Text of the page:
Court denounces Corona pass in Wallonia as illegal
A court in Namur, an important commercial and industrial centre located in the Walloon industrial area in Belgium, has declared the use of the Corona passport in Wallonia illegal.
Published: December 3, 2021, 9:43 am
And if no measures are taken to rectify this situation, the Walloon region will soon have to pay a penalty of 5000 euros per day until they withdraw the measure, local media reported Wednesday.
An alliance of health workers, scientists, lawyers and citizens – gathered together as the non-profit organization Notre bon Droit – has been fighting the health pass for some time. The pass indicates whether someone has been vaccinated against the Coronavirus, has recently tested negative or has been declared cured and it is used throughout Belgium to, among other things, regulate access to the catering industry.
The court of first instance in Namur has now ruled in favor of the non-profit association in summary proceedings. “Several cases have been established in the Walloon decree that legally contradict European law and the right to the protection of personal data. The verdict also states that it has not been demonstrated that the Corona pass is the only alternative to a new lockdown.
According to the judge, the measure restricts freedom in such a way that it is not proportionate to the objectives pursued.
The lawyers of the association noted that “the court also criticized the discrimination established between the citizens without objective and scientific justification”.
Officials from the Walloon Region must now take measures to rectify the situation until a verdict is reached on the merits of the case. From a period of seven days after the court’s decision has been served, there will be a penalty of 5000 euros per day. The region must also bear the legal costs.
‘Protecting the data’ of the fully vaccinated sick with Covid
Another non-profit association has also instituted summary proceedings before the Brussels court of first instance. There will be a plea hearing on December 8. The association for the defense of freedoms and privacy Charta21 recently brought an urgent action before the Brussels court of first instance to suspend the CovidScan application in order to protect data on sick vaccinated individuals.
“This is a first step which allows our action to be continued,” explained Jacques Folon, an expert in General Data Protection Regulation (GDPR) and administrator of the association.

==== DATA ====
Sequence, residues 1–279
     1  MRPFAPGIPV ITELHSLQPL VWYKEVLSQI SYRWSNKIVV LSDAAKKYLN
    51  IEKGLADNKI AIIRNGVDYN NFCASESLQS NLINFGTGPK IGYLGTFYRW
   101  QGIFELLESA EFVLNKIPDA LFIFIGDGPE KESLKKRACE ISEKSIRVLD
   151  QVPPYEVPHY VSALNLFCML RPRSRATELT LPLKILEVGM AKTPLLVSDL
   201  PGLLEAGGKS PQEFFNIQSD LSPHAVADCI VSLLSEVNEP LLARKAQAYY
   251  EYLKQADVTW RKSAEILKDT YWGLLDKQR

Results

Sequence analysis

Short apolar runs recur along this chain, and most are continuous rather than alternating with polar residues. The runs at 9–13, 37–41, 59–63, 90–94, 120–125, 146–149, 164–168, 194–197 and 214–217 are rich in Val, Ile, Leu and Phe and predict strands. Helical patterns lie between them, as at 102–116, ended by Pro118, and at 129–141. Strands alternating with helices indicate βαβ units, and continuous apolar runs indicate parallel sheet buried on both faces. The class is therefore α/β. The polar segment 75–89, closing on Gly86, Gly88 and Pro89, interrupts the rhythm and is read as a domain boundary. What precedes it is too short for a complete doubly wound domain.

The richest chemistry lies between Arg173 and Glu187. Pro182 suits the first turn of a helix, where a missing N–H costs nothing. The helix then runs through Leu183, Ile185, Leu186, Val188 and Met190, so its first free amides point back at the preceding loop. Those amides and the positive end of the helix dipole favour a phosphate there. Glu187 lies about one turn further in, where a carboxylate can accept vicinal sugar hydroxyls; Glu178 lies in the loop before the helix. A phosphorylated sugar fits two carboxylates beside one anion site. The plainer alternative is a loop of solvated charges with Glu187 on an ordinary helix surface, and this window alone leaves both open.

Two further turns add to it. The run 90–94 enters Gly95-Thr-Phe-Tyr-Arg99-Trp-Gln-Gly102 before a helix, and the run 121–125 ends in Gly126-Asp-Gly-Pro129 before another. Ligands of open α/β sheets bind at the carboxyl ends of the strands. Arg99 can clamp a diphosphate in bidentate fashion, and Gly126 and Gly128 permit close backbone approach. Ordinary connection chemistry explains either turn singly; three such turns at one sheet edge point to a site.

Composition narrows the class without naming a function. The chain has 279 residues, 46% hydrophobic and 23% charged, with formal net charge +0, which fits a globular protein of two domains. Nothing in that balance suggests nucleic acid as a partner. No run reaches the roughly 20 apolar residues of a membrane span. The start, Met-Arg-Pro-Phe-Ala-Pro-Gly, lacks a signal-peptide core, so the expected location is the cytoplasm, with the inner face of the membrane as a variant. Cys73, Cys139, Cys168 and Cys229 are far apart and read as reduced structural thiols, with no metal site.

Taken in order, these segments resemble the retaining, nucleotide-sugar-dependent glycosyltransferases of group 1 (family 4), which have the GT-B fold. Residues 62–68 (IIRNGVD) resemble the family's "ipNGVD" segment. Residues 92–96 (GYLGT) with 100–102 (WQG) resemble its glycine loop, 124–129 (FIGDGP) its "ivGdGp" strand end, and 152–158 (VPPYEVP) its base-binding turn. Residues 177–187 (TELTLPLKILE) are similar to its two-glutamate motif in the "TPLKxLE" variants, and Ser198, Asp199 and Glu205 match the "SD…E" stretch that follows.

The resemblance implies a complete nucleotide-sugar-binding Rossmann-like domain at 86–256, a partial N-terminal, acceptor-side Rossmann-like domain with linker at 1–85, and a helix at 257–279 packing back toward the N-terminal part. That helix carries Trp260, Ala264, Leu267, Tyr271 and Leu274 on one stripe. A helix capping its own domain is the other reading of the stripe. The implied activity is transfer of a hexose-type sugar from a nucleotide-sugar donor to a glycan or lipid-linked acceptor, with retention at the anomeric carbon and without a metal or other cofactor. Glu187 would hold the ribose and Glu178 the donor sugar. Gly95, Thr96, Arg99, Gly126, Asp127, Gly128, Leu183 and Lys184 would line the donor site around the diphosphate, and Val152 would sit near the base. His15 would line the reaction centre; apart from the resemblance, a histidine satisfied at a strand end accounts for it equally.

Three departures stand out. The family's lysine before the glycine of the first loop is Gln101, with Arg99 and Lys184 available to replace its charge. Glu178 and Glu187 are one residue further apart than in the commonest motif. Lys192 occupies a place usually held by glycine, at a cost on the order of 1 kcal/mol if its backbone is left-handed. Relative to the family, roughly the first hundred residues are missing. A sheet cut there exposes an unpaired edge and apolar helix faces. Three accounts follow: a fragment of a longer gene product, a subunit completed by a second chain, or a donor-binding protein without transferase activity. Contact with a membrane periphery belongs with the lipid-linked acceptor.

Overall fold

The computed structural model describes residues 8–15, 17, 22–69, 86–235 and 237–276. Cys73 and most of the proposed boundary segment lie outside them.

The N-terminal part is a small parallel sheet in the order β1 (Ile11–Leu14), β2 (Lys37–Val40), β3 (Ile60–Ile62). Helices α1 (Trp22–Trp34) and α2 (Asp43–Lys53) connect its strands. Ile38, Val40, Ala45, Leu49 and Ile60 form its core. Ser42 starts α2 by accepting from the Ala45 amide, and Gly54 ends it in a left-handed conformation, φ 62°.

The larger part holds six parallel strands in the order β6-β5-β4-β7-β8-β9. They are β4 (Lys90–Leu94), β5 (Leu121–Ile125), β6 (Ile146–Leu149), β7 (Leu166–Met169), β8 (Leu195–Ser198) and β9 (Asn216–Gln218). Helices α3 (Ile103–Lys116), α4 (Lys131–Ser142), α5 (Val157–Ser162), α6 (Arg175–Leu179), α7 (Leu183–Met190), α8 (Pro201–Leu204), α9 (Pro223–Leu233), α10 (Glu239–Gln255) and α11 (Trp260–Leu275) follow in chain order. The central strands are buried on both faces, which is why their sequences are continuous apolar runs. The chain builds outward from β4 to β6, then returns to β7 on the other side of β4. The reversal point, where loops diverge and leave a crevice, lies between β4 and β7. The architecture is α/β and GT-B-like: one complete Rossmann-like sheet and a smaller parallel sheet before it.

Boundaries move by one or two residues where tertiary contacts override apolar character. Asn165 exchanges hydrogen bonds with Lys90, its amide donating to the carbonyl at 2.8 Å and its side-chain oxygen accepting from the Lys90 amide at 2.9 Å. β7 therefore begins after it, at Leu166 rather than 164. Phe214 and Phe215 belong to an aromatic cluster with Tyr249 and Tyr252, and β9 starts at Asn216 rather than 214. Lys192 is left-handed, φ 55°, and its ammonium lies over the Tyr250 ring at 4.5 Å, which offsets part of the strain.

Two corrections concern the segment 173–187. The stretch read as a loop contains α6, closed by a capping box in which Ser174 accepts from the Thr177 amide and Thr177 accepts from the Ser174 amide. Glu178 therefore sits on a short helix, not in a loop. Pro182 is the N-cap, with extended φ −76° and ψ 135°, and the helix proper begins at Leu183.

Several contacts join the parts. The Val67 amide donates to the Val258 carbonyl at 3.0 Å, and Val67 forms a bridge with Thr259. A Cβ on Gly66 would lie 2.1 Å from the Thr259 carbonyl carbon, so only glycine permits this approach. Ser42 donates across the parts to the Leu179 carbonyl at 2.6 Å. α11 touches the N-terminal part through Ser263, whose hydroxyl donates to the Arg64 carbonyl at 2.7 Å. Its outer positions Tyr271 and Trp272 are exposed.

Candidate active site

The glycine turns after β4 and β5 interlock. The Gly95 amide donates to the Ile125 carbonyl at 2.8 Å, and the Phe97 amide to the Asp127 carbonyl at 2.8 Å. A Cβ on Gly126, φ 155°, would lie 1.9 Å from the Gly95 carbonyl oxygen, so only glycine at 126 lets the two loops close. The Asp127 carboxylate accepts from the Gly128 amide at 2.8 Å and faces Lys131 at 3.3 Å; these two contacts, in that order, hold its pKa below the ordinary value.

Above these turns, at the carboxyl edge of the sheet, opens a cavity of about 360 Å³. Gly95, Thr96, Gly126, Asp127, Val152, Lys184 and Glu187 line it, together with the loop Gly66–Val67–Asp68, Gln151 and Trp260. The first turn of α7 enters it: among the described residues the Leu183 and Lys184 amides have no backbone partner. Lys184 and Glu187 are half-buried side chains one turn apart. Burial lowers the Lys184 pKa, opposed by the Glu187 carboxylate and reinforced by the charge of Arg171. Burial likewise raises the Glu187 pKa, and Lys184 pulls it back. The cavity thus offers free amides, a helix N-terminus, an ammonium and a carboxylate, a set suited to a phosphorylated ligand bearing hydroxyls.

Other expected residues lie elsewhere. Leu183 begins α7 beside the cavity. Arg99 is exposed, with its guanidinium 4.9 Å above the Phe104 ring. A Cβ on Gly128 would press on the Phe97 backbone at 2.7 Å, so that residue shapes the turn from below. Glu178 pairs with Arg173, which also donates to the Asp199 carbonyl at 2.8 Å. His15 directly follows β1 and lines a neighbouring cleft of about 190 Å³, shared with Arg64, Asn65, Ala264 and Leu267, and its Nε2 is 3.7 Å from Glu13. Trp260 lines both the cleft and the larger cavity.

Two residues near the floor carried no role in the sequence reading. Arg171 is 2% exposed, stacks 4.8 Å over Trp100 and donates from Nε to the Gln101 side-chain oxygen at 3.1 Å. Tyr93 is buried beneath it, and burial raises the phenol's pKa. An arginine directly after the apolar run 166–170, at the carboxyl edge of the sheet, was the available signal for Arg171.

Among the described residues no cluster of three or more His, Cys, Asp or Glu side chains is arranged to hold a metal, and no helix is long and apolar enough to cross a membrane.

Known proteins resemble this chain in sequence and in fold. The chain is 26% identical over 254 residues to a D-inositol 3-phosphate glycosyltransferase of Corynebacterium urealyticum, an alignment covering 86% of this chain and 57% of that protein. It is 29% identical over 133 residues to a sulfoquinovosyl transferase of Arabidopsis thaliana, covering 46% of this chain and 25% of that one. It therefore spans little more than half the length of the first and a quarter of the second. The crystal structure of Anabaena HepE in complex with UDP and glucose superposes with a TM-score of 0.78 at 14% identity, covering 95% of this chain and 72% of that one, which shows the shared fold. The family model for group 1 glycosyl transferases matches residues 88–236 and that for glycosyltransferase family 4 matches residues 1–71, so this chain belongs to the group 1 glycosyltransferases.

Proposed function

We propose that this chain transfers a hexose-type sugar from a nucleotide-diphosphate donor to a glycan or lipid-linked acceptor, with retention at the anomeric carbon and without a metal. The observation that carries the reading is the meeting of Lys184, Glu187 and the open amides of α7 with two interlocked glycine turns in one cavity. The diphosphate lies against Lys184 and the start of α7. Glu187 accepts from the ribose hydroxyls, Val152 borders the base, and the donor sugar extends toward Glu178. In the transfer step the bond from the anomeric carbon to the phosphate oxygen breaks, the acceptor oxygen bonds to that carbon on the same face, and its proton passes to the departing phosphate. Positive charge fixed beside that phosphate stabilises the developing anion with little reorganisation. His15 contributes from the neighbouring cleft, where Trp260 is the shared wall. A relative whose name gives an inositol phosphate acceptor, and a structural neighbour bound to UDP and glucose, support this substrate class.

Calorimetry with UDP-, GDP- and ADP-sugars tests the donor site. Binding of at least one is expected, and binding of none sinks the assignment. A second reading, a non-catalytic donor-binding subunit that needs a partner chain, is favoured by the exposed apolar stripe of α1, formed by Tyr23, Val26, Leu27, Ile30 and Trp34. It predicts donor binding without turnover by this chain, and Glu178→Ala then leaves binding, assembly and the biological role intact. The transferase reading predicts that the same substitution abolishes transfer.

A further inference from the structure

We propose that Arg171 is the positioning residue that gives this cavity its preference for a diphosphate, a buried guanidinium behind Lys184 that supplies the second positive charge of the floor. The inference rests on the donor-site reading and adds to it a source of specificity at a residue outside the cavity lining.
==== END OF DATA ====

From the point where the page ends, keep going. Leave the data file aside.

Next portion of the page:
Charta21’s action “aims to put an end to multiple breaches of the General Data Protection Regulation (GDPR) and in particular to prevent a leak of personal health data from vaccinated people”. Folon pointed out that a flaw in the software indeed disclosed the names of tens of thousands of people both vaccinated and sick with Covid.
When this flaw was exposed, eHealth – the health data exchange platform that is the subject of the complaint – did not report it to the Data Protection Authority (DPA). It also did not warn the people concerned. “eHealth should have immediately warned that there had been a data breach within the realm of the GDPR and warned all those involved, which it did not do,” said Folon.
Walloon officials to scared to show up?
The Walloon government has meanwhile announced in a short response that the Corona pass will remain in force in Wallonia. “The government has taken note of the decision of the court of first instance in Namur. That decision cancels neither the Walloon decree nor the ‘Covid Safe Ticket’ (CST) which continues to apply in Wallonia.”
The Wallonia region announced that they would not only repeal the regulation but immediately appealed against the judgment. Regional governments are responsible for imposing the restrictive measures under the Belgian federal-state system.
According to the ruling however, all citizens are required to show their CST before entering cafés, restaurants, gyms and cultural venues, which are curbing individual freedoms in a disproportionate way that does not serve their alleged objective.
The Belgian daily Le Soir, reported that representatives of the Wallonia government failed to appear at a court hearing on November 16. Officials in the public administration office neglected the file for five days “due to a combination of a weekend and public holidays”.
The summons had been received on November 10, but the day after was Armistice Day commemorating the end of World War I, a public holiday in Belgium. The holiday fell on a Thursday and officials simply extended it to a long weekend.
The following Monday, on November 15 was King’s Day, which grants the public administration a holiday. As a consequence, they claim, nobody dealt with the file and the hearing took place without the Wallonia officials.
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